You might say they're the best. Or the brightest. Or the cream of the crop.
But what really makes 10 area high school seniors stand out among dozens of their peers to be named as the Journal-World's 2007 Academic All-Star Team?
"They take the brains they've got and they put them to use," Andy Tompkins, former Kansas education commissioner, said earlier this week at a luncheon honoring the students at Maceli's restaurant in downtown Lawrence.
And Tompkins, now an associate professor of educational leadership and policy studies at Kansas University, says that combination of brains and effort is just what America needs to compete in a knowlege-based world economy.
"It is a matter of effort," Tompkins said. "It is not just having the connections. It is actually doing something with it. They work hard."
- Meet the Academic All-Stars (03-18-07)
- Top area scholars honored as 'best of the best' (03-18-07)
- First class of All-Stars finds diverse paths (03-18-07)
- Academic All-Star team profiles (02-26-06)
- Academic All-Star team resumes (02-26-06)
- Academic All-Stars urged to remember their values (02-26-06)
- Academic All-Star nominees (02-26-06)
The 2007 team members are Baoqing Zhou, Lawrence High School; Emily Krysztof, Baldwin High School; Andrew Petz, Free State High School; Justin Smith, Tonganoxie High School; Charles Mersmann, Eudora High School; Jennifer Crawford, Bishop Seabury Academy; Shiv Subramanium, Bishop Seabury Academy; Amanda Vander Tuig, Baldwin High School; Alexandra Prosser, De Soto High School; and Amber Peterman, Perry-Lecompton High School.
They and their parents were honored at the luncheon, and each student received a backpack.
"These 10 students represent the best of the best," said Chris Bell, J-W circulation manager, who organized the event.
Three judges selected the winners out of 31 high school seniors who were nominated for the annual team.
The selection criteria was based on an essay written by each student on how they would spend $10 million; the extent of students' community achievement and involvement; students' academic achievements; and the judges' overall impression, Bell said.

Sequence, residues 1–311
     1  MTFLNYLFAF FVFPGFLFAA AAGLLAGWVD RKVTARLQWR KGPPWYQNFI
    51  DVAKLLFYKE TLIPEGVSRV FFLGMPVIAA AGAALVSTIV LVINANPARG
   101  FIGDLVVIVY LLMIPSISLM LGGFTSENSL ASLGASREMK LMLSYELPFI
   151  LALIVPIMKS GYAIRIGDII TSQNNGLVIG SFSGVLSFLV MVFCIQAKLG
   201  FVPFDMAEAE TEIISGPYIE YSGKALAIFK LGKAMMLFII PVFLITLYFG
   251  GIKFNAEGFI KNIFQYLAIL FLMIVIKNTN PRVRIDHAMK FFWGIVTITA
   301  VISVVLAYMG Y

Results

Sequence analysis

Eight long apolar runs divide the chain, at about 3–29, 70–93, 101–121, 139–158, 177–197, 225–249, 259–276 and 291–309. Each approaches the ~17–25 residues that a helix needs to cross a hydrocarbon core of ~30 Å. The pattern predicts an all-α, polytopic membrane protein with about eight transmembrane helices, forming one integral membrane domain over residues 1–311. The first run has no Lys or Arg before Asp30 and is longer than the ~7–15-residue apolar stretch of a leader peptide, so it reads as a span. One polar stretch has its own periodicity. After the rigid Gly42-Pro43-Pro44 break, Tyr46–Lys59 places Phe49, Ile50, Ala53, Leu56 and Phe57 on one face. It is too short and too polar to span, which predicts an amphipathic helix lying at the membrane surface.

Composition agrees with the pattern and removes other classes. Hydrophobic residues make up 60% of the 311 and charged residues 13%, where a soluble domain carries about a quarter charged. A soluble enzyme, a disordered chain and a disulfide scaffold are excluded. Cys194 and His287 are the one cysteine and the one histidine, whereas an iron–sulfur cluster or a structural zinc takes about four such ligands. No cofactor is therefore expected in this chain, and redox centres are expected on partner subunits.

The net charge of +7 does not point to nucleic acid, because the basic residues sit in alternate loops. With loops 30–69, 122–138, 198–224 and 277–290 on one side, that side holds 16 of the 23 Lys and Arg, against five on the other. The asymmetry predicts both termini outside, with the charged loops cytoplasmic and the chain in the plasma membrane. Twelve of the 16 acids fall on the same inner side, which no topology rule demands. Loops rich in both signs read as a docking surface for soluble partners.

The nominees came from a pool of 14 high schools in the J-W's coverage area, with the winners representing eight schools.
The winners all rank at the top of their classes and were involved in activities that included band, government, student newspaper, debate and other activities, he said.
The primary judges were Robert Harrington, professor of psychology and research in education at Kansas University; Rand Ziegler, associate dean of faculty at Baker University; and Austin Turney, a former Lawrence school board member.
"The process of judging them was just fascinating," Turney said.
Sorting out the top 10 "was kind of tough because most of them would be deserving of honor," he said.
"My top criteria was really the overall impression," Turney said. Grade-point average was a basis, but other aspects of their lives, such as where they devoted their energies and some indication of their personality, also came into play, he said.
"These kids not only need to have the brain power, but develop it and put it to work," Turney said.
Dan Simons, president of The World Company's Electronics Division, encouraged the students to return to Lawrence after college.
"You are the type of leaders Lawrence needs," Simons said.